The game's the (next big) thing

PC and laptop sales are still on the decline globally. But one category is poised to erupt.

Everyone knows that PC and laptop sales have been on the decline for some time. But when Apple revealed in a conference call following its most recent quarterly results that it had suffered double-digit declines across all major product categories, the last glimmer of hope seemed to disappear. For the first time in 15 years, Apple sales had fallen, and seemed to take industry confidence down with it.

The heart of the matter is that Apple had been the single company to buck the global industry trend of manufacturers seeing PC sales decline every year since 2012. PC sales hit their peak in the third quarter of 2011, with estimated sales for that quarter ranging between 90-million and 100-million machines. By the middle of this year, the figure was below 70-million.

That’s still a serious number, and makes for some healthy bottom lines. But companies looking for growth out of manufacture, distribution and sale of computers seem to have nowhere to turn. Even the much-hyped tablet revolution is fizzling out.

But one category remains strong: the gaming hardware industry is exploding worldwide.

According to Chinese media and marketing company Digitimes, which closely tracks the industry, global gaming notebook shipments are expected to grow by 12.5% to reach 4.5-million units in 2016. While this statistic makes up a small proportion of the overall market, its significance lies both in its growth and the average revenue for a gaming PC: prices range from $1 499 to $1 999 per mainstream machine.

In South Africa, growth in this segment is even stronger. According to Spencer Chen, managing director of leading distributors Rectron, 2016 will see 25 to 30% growth in gaming notebooks. The market will hit the 10 000 mark in unit sales, dominated by brands like Gigabyte, MSI, Asus, and Alienware.

“A lot of people are moving into notebook PC gaming,” says Chen. “It’s mainly about the performance: the notebook is catching up to PC gaming, although there’s still some gap. Some gamers are using notebooks because they’re easier to carry about, and some mainstream gamers are using it as their work and play PC.”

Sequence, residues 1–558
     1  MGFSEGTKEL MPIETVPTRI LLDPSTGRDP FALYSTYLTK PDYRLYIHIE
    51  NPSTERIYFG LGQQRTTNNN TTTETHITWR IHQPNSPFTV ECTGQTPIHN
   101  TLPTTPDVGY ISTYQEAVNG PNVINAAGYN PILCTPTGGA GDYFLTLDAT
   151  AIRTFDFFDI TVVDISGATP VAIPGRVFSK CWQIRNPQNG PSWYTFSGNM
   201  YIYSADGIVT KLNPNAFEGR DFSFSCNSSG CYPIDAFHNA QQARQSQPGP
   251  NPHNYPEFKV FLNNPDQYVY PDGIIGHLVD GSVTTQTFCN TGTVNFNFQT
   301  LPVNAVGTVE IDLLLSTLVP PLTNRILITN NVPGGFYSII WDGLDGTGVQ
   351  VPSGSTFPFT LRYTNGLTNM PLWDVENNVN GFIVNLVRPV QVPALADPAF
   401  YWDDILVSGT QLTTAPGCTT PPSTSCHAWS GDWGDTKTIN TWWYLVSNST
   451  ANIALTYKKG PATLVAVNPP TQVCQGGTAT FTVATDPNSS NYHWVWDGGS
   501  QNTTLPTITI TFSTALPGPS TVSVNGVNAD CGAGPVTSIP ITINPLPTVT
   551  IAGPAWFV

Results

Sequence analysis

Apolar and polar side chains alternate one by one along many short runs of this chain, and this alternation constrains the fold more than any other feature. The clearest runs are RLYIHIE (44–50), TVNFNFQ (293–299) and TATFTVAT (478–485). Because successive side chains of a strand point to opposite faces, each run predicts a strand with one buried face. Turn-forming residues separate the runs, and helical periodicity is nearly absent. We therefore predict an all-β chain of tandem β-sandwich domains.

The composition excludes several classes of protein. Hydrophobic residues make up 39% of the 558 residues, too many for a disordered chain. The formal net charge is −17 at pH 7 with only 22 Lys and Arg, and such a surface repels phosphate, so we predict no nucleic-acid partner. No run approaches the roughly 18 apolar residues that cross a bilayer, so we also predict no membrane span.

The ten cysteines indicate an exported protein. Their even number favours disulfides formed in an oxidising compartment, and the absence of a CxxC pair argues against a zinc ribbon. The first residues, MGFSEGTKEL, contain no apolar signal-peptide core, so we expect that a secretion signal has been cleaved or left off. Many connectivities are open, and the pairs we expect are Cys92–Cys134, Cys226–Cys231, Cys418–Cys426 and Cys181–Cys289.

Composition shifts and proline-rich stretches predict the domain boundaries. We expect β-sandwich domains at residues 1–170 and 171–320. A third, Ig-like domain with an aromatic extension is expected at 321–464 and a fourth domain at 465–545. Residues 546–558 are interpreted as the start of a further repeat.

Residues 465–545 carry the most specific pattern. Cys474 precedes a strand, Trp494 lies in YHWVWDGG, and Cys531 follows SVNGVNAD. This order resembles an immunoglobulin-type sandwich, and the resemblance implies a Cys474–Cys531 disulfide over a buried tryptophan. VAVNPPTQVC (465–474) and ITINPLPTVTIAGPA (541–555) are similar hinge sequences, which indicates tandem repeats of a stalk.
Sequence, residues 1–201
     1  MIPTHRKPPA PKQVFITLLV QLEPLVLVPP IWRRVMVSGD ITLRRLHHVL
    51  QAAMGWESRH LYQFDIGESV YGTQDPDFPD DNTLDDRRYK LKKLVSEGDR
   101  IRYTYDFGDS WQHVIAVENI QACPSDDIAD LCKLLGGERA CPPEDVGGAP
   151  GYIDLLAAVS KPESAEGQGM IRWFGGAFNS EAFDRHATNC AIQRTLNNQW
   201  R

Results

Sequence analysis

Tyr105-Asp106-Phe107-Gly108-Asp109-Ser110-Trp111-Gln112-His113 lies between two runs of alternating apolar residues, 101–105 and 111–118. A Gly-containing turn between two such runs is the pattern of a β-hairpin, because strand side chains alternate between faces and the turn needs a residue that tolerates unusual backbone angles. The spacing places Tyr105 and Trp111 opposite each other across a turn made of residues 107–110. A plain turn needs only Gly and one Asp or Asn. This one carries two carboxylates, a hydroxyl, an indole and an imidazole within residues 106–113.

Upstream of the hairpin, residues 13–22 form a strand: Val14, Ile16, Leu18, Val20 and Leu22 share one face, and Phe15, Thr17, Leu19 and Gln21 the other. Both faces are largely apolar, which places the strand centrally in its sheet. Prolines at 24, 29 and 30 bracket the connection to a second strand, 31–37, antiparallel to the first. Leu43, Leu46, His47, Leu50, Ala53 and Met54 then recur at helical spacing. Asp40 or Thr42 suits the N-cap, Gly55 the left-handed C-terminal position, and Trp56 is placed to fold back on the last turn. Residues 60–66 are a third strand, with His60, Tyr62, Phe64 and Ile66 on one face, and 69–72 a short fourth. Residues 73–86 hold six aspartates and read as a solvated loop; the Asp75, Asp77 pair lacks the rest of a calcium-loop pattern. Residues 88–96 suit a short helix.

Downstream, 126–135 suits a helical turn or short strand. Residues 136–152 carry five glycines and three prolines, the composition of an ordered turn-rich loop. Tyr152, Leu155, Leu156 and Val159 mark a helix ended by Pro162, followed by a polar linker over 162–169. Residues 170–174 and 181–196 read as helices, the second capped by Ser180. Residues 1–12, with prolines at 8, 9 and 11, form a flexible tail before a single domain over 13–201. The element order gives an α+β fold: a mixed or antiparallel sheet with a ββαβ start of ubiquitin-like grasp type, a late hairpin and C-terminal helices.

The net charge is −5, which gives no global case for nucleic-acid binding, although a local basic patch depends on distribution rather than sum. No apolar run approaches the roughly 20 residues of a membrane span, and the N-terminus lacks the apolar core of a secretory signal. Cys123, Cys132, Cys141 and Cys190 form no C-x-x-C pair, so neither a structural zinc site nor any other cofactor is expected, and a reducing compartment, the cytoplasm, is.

Arthur Goldstuck Arthur Goldstuck
The health of the gaming market in South Africa was underlined by the recent gaming and geek festival, rAge, which remains the only major computer show in South Africa capable of drawing massive crowds. The 124 exhibitors and 34 000 attendees recalled the heyday of Computer Faire, except that it was dominated by a youth audience.

On the back of healthy demand for gaming hardware, a further sub-category is set to take off: virtual reality headsets. Most major VR headset brands were on display at rAge. Among other, Oculus Rift, Samsung Gear VR, and the HTC Vive were used to demonstrate the newest innovations in the latest games. The biggest impact, however, is expected from PlayStation VR, due to be released in South Africa by Ster-Kinekor Entertainment early in 2017.

While its launch is likely to be one of the biggest gaming hardware events of the year, it won’t make the segment a certainty.

“We see VR getting quite popular,” says Chen, “but we struggle to find suppliers of VR goggles. For example, HTC product is not available in South Africa. Once brands are available, we can expect it to take off. At the moment, it comes at a very high cost. A full VR gaming setup will cost between R30 000 and R50 000 for a high-end PC plus high-end goggles.”

Of course, not everyone can suddenly morph into preferred providers of gaming hardware, but the trend proves that all sales lights do not dim at the same time.

Arthur Goldstuck is the founder of World Wide Worx and editor-in-chief of

Follow him on Twitter and Instagram on @art2gee
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